The figure below illustrates the extreme case of a perfect daily pattern without noise. In this case, the pattern detection will identify the pattern with (maximal) silhouette score 1.0.
The figure below shows another extreme case of a totally random time series. In this case, the pattern detection will not report any pattern, and the silhouette score will be very close to 0.
The time series below exhibits a weekly pattern, with two anomalies: one on 2022-10-17, characterized by lower-than-normal activities, and another on 2022-10-19, featuring unusual activities on a day that is typically inactive.
The ML-Assisted Thresholding can detect this pattern and divide the time series into subsequences of one-day:
With clustering analysis, the collection of subsequences is divided into two clusters:
The anomaly on 2022-10-19 is clearly visible in the cluster representing off-days. The anomaly on 2022-10-17 can be identified by isolating the 5th workday from the cluster of workdays.
The threshold that the ML module generates to speed up the configuration of the ITSI Adaptive Thresholding (ITSI AT) is a selected statistic that summarizes the normal behavior as represented by the collection of subsequences without anomalies.
For this release, we focus on the standard deviation method supported by ITSI AT. With the standard deviation method, after calculating the mean and standard deviation of a subsequence, the maximum of the z-values is the threshold, or boundary, between the normal behavior and abnormal behavior. The figure below illustrates the calculated boundary for this time series with a weekly pattern.
In addition to the aforementioned steps, the Assisted Thresholding algorithm also splits relatively long subsequences into smaller segments to achieve more precise boundaries. The zoomed-in view below demonstrates the division of a one-day subsequence into multiple variable-length segments
Finally, it's worth noting that the silhouette score returned from the clustering analysis serves as a heuristic measure of confidence for a detected pattern. When the silhouette score is below a predetermined value, the Assisted Thresholding algorithm does not detect any pattern. In such cases, instead of providing threshold recommendations based on patterns, Assisted Thresholding gracefully opts to provide no recommendations, allowing the user to decide how to configure adaptive thresholding.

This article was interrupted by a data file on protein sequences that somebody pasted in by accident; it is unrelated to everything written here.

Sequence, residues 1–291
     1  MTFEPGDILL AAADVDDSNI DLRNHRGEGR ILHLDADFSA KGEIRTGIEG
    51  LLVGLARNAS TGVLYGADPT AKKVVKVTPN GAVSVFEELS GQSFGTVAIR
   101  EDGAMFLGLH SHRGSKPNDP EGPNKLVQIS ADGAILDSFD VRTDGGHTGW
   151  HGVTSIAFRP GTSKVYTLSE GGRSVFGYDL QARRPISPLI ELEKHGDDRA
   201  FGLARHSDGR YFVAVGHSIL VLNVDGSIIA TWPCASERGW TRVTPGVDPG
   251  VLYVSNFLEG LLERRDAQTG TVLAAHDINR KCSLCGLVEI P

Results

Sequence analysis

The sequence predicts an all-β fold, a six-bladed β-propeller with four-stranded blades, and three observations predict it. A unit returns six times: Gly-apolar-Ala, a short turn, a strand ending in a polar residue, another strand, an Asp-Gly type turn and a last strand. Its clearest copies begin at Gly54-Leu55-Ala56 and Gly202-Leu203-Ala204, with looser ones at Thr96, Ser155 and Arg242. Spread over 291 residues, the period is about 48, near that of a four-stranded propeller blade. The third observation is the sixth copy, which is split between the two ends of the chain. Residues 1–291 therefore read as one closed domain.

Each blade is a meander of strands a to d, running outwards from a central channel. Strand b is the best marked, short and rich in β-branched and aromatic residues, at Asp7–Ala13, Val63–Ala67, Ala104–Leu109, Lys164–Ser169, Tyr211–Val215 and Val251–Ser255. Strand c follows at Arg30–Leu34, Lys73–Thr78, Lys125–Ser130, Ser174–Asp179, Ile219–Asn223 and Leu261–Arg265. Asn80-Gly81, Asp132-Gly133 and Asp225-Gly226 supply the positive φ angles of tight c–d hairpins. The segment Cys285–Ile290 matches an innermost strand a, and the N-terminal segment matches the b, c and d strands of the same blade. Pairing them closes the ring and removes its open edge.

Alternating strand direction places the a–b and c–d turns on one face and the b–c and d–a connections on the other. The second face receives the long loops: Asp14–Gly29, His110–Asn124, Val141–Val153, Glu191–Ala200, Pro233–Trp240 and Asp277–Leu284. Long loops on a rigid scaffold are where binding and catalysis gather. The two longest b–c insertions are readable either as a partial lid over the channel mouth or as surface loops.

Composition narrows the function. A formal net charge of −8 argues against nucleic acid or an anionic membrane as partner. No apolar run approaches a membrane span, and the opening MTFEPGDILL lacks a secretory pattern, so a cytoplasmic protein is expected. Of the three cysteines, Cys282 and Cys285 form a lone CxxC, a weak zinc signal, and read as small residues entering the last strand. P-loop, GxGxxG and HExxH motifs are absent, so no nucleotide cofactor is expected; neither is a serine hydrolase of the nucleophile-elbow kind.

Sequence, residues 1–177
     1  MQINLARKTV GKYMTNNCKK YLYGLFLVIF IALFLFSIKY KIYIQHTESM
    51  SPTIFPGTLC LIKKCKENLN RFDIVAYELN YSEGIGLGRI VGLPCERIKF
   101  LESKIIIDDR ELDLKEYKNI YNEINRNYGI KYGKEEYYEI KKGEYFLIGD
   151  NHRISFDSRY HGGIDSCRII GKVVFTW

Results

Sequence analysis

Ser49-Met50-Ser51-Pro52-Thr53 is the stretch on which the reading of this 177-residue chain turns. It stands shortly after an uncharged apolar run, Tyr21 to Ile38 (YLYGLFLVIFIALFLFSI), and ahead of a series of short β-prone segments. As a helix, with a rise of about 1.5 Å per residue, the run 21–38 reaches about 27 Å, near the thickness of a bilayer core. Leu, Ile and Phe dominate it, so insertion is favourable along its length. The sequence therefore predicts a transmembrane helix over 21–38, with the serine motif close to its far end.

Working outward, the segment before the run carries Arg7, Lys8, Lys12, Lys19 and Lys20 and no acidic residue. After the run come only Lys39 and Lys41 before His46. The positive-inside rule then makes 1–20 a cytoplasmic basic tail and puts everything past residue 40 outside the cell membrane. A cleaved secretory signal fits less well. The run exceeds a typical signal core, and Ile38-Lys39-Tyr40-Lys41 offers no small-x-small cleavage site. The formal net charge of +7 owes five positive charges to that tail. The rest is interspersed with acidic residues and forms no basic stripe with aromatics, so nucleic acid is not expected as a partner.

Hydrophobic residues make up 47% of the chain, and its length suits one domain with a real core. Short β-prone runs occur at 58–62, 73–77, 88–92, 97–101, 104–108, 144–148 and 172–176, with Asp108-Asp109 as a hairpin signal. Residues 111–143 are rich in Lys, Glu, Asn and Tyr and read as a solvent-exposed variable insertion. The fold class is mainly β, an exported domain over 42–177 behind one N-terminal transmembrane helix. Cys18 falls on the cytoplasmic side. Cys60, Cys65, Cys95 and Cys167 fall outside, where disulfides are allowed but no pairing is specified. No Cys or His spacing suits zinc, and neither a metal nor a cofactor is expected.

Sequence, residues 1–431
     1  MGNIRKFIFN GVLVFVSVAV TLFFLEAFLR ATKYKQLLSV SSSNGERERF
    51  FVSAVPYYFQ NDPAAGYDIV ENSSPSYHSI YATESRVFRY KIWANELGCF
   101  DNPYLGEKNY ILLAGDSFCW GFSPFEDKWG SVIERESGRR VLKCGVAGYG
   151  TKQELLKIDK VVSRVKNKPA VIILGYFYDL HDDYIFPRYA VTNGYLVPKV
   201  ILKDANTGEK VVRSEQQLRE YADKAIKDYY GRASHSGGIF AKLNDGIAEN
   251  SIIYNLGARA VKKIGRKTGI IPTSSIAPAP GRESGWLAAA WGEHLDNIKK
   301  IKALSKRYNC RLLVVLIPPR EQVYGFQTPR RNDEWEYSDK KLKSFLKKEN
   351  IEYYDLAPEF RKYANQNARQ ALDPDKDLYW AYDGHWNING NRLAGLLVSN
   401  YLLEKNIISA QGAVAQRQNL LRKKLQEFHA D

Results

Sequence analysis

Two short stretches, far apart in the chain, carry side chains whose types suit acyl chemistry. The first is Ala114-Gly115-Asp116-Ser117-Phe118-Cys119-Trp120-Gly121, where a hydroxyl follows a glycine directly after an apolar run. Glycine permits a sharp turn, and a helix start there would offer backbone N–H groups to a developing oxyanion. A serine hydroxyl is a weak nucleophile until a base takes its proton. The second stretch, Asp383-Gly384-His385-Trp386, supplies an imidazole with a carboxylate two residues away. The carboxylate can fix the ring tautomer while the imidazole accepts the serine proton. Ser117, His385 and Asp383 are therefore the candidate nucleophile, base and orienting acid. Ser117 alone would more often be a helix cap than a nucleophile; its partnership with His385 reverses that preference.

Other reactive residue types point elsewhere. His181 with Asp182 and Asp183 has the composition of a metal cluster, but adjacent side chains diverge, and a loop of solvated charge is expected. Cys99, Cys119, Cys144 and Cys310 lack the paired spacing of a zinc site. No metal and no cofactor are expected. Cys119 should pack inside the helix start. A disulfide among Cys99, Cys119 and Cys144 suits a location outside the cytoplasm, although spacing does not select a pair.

Integration with ITSI
The code is delivered through an installable Splunk app without a UI (i.e., an add-on), available bundled along with ITSI. It is invoked through a reporting search command called ‘recommendthresholdtemplate’. This way, the ITSI UI only needs to use the search command and process the results. An example of the search command’s usage and corresponding results are shown below on the previously shown “sample_cyclical_AT_condensed'' time series.
The ITSI UI processes the output of our custom search command and uses the results to display recommended time policies and thresholds to the user.
To help make sure our time series clustering-based approach is working, we were given 6 sample time series with expected time policies. We made sure that we met the expected time policies exactly. For example, the sample_cyclical_AT_condensed time series above is expected to have a time policy of multiple blocks of 1-2 hours, with a weekly seasonality, with Tuesday and Wednesday as off-days, and with a daily offset of 7 hours. Even with such a complex weekly and daily seasonality with off days and off hours, the silhouette score-based approach was able to capture the pattern. The standard deviation multipliers are numeric values, so we can’t match an exact number. Instead, we were given a value and a tolerance range.